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Systematics of the Blacktail Shiner (Cyprinella venusta) Inferred from Analysis of Mitochondrial DNA
Ásrún Ýr Kristmundsdóttir and John R. Gold
Vol. 1996, No. 4 (Dec. 27, 1996), pp. 773-783
Stable URL: http://www.jstor.org/stable/1447638
Page Count: 11
You can always find the topics here!Topics: Mitochondrial DNA, Rivers, Freshwater fishes, Gulfs, Haplotypes, Coastal plains, Systematics, Phylogenetics, Biological taxonomies, River basins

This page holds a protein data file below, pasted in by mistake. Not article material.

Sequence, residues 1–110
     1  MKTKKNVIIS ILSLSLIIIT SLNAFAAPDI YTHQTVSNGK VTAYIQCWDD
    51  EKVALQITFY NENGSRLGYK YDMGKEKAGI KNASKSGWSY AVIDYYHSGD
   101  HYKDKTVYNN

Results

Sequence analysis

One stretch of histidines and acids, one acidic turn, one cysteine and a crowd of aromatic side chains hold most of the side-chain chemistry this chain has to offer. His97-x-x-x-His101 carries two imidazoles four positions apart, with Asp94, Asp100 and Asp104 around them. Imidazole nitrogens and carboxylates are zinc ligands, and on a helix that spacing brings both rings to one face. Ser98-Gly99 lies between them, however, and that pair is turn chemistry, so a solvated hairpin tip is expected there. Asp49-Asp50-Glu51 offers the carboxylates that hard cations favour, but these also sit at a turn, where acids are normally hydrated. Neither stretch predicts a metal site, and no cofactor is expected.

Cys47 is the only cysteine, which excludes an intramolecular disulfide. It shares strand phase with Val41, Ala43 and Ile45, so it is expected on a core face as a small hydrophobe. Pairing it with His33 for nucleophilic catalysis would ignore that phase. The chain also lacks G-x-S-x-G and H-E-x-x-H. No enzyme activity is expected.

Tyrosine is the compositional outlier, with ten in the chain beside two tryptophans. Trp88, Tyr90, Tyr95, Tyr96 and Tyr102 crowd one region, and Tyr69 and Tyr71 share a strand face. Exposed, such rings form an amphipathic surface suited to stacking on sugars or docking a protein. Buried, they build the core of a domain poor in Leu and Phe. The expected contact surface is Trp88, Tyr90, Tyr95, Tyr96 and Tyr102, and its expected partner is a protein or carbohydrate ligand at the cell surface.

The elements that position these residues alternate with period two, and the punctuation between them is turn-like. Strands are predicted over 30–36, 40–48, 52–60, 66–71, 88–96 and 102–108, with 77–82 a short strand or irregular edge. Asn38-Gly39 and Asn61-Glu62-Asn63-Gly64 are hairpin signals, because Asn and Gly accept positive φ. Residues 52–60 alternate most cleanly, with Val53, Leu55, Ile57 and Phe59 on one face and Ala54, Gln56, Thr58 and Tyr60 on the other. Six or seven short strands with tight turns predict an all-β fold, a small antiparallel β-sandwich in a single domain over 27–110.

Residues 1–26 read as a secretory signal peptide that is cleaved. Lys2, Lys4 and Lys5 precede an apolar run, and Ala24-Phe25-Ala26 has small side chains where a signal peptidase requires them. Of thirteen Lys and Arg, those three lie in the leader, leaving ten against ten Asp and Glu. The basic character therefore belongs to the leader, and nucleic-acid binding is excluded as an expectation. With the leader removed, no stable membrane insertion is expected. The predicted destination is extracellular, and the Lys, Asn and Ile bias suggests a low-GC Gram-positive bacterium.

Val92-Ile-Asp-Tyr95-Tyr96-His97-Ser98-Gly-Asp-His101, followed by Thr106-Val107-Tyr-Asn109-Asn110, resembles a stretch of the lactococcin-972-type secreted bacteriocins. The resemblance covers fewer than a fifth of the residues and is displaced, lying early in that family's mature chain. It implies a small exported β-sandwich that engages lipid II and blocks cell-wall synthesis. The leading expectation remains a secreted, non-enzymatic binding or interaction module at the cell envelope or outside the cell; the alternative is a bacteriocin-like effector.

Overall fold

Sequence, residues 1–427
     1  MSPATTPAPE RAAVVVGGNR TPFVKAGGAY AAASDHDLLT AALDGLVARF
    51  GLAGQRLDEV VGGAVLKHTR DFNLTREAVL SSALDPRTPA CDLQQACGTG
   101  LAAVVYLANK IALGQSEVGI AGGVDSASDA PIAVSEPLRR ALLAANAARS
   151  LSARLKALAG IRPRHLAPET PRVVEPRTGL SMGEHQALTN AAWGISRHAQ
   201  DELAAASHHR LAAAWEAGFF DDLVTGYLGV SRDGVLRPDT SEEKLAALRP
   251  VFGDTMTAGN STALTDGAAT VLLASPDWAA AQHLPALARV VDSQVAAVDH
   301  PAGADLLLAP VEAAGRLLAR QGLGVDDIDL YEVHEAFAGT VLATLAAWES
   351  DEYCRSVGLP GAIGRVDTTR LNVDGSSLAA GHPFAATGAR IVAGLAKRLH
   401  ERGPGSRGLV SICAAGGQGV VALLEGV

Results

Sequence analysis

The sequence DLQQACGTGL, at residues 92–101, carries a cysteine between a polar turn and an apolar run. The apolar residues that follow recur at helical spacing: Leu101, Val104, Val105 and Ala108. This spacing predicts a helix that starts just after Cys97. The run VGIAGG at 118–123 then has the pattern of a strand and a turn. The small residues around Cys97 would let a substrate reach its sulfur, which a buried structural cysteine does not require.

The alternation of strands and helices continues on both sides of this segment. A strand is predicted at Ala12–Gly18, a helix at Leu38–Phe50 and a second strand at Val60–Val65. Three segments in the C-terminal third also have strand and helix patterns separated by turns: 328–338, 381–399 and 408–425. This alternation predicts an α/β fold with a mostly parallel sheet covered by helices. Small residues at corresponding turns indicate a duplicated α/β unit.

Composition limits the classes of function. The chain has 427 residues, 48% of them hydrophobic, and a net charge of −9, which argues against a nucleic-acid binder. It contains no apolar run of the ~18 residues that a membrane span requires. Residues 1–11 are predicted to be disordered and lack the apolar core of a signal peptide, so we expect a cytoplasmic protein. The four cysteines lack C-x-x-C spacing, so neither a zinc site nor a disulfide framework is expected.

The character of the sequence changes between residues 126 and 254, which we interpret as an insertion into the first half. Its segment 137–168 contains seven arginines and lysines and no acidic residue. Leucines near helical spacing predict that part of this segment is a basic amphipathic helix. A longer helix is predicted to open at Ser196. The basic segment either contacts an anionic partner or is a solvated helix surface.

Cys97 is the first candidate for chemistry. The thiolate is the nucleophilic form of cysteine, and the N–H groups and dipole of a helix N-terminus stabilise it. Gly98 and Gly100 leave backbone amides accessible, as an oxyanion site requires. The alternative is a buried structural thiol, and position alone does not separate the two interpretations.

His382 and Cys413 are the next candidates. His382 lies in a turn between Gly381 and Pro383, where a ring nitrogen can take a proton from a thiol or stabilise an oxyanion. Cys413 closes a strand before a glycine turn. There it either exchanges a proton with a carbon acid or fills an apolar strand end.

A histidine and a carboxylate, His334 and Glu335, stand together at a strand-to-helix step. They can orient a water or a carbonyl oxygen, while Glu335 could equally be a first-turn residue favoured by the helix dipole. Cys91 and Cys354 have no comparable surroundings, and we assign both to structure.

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We used mitochondrial DNA (mtDNA) restriction-site analysis to study systematics and biogeography of the blacktail shiner, Cyprinella venusta. MtDNA restriction sites were assayed from 20 populations of C. venusta collected from across its geographic range. Maximum-parsimony and neighbor-joining methods revealed four major, mtDNA-based phylogeographic clades (groups): these were termed Chocktawhatchee, Apalachicola, Mobile, and Western. The Western clade contained four distinct mtDNA lineages: Pearl-Pascagoula, Mississippi, East Texas, and West Texas. MtDNA phylogeographic subdivision within C. venusta is not strictly concordant with geographic subdivisions (ranges) of the three nominal subspecies (C. v. venusta, C. v. cercostigma, and C. v. stigmatura). MtDNA clades within C. venusta exhibited an east to west pattern of divergence across the Gulf Coastal Plain, with phylogenetic relationships among the clades inferred to be (Chocktawhatchee (Apalachicola (Mobile, Western))). Observed phylogeographic discontinuities involving the Apalachicola and Mobile clades corresponded to previously hypothesized zones of vicariance. Taxonomic revision of blacktail shiners may be warranted.